The 5 keys to know if your organization is prepared for a reputational crisis

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    IT and Communications

A recent study by Willis Towers Watson (WTW) revealed that 89% of executives surveyed consider their organization’s resilience to “reputational issues” to be good or very good.

In other words, the vast majority of organizations that participated in this study feel prepared for a reputational crisis.

This is very good news if we take into account that reputational risks are inherent to the activity of virtually any business today. Facing a crisis is only a matter of time.

We live in a society that is increasingly demanding public responsibility, which, beyond expecting organizations and their leaders to comply with the law (something it already takes for granted), demands a social contribution that helps to improve the planet and society..

It is, what some call, the era of responsible capitalism.

What basic elements are necessary to be prepared to face a reputational risk?

In this context of maximum scrutiny by the different stakeholders, it is important not to let them down when it comes to dealing with a reputational crisis.

Generally, crises cannot be avoided. Some are not even the result of negligent action by the company, but are the consequence of events beyond the company’s control. A good example is the discredit crisis recently experienced by the Spanish strawberry sector in Germany.

The success in overcoming the crisis will depend on the decisions that the company adopts to manage it in terms of reputation.

Although each organization will have to adapt the protocols to its business, below is a brief list of basic measures that companies can adopt to mitigate its effects and, in many cases, even prevent it:

1. Compliance policies accompanied by communication plans. Large companies have extensive compliance policies, internal regulations, protocols, guidelines, best practice manuals and a host of materials and processes to ensure compliance and good performance of the organization and its members. With regard to reputation, it is equally important that this entire system has a communication plan that integrates all stakeholders.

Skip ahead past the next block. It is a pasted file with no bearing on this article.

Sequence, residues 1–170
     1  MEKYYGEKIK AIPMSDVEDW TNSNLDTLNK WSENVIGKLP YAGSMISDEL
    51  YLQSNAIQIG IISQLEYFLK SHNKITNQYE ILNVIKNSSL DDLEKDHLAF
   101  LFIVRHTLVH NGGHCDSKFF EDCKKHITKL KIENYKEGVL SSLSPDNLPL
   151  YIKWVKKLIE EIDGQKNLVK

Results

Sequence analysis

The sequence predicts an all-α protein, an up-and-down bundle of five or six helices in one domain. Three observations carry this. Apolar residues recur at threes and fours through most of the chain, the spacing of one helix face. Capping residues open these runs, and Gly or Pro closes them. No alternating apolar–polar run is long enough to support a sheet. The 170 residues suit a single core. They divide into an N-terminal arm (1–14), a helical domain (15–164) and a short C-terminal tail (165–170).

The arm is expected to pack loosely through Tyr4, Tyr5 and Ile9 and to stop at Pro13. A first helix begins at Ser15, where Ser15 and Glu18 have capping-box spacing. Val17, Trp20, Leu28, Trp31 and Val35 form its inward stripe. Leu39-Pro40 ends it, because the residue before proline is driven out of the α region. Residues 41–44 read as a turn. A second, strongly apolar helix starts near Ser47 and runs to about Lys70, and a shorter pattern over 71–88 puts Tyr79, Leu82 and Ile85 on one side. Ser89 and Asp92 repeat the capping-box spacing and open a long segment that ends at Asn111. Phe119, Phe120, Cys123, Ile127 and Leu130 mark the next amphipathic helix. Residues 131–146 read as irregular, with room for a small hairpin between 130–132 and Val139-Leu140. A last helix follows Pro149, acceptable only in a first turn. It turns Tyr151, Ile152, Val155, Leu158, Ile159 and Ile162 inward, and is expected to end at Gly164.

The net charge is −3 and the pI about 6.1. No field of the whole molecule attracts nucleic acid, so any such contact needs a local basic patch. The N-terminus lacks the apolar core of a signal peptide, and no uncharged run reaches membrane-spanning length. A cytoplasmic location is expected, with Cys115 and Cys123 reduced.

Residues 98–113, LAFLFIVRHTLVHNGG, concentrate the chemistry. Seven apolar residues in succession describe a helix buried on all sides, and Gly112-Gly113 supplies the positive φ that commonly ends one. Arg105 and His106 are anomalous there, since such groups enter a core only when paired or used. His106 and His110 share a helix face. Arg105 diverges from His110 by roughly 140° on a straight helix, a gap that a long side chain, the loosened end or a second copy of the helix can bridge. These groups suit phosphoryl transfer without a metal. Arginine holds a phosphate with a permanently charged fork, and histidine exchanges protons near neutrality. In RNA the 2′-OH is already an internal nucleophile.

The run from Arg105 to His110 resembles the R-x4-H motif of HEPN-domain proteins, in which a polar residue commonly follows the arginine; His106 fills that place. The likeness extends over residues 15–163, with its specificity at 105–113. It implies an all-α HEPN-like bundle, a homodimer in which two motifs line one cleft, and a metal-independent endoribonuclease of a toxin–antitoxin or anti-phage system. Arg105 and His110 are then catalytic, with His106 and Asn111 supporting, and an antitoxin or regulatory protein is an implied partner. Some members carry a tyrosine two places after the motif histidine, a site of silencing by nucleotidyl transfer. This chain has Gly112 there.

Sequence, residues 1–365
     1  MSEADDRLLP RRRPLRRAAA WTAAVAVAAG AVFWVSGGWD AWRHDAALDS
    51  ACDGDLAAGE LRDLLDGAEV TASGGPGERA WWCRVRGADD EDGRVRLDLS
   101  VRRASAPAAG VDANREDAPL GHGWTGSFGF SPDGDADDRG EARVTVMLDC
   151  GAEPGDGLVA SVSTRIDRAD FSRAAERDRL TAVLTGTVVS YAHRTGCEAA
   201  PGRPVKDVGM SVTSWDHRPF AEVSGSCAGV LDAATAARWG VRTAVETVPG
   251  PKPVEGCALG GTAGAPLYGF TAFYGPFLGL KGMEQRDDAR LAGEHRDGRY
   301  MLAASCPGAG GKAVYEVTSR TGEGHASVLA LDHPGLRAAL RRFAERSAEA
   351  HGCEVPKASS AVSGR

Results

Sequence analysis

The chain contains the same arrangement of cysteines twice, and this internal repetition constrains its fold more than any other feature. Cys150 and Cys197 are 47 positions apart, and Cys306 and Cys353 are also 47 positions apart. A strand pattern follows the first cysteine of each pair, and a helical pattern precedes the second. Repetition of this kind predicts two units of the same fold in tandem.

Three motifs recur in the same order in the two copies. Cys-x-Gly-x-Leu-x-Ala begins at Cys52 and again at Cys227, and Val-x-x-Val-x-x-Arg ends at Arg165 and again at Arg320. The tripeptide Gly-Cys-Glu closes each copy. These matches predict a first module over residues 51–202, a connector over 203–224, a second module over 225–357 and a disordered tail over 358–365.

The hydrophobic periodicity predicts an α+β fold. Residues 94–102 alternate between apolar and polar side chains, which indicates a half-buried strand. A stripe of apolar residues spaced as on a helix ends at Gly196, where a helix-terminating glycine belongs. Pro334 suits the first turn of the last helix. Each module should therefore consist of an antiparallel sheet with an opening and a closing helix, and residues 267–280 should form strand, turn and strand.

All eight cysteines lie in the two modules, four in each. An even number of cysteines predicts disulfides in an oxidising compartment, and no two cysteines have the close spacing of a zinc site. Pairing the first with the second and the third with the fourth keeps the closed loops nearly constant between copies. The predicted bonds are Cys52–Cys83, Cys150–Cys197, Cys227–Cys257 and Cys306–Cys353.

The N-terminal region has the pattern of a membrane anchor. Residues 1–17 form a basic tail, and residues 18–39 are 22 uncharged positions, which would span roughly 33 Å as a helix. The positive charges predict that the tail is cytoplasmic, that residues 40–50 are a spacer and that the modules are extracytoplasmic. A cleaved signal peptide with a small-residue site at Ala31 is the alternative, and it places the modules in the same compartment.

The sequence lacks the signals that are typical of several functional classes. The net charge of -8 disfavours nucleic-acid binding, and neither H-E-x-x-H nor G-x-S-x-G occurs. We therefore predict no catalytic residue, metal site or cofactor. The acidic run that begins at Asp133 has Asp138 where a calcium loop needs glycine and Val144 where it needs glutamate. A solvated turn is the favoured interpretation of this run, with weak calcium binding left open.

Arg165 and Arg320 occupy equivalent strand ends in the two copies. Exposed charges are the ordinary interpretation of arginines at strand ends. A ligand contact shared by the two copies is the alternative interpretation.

2. Consolidating corporate identity. Building reputation takes a long time and does not depend on a single action or successful crisis management. A corporate identity in which compliance, good practices and sustainability have a place will be fundamental to minimize the impact of the reputational crisis.


3. Specialized team and agile systems when response is necessary. The speed at which information is disseminated today and the diversity of channels through which it flows means that the response must be agile and fast. To this end, since crises are managed by people, it is important to maintain direct and permanent contact between management teams and to include in them the management bodies with the capacity to influence the company’s decision-making. In addition, these management teams must have members specialized in reputational crises who are aware of the specificities and sensitivities to be taken into account when managing this type of situation.

4. Inclusion of the reputational variable in strategic plans. Contemplating reputational risk in each of the company’s actions is nowadays fundamental to ensure the success of the decisions taken. The preliminary analysis of reputational risks will make it possible to anticipate the possible consequences (severity of impact and probability of impact) and to adopt avoidance or mitigation strategies, which is key when it comes to managing a crisis.

5. Artificial intelligence (AI). AI poses a major challenge mainly in terms of the veracity of information on the internet. However, digital tools that combine this type of intelligence are tremendously useful for information analysis. This allows companies to better understand their stakeholders and more accurately predict the potential reputational risks they face.

These are just a few basic keys that any organization should consider in order to prevent and deal effectively with a reputation crisis.

As we said at the beginning, most of the executives consulted consider themselves prepared for a reputational crisis. However, 87% also recognize that the risk model “only covers immediate first-party and third-party risks and not the impact of a serious and prolonged crisis”.

The integration of this type of crisis prevention systems in a permanent and transversal way to the business contributes to companies starting from a more solvent position when they have to face risks and reputational crises throughout their history.

If you are interested in learning more about how to manage or control the impact of reputational risks on business continuity and sustainability, we invite you to download “How to Prevent Reputational Risks with Virtual Scenarios and Automation.”

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María Gaytán de Ayala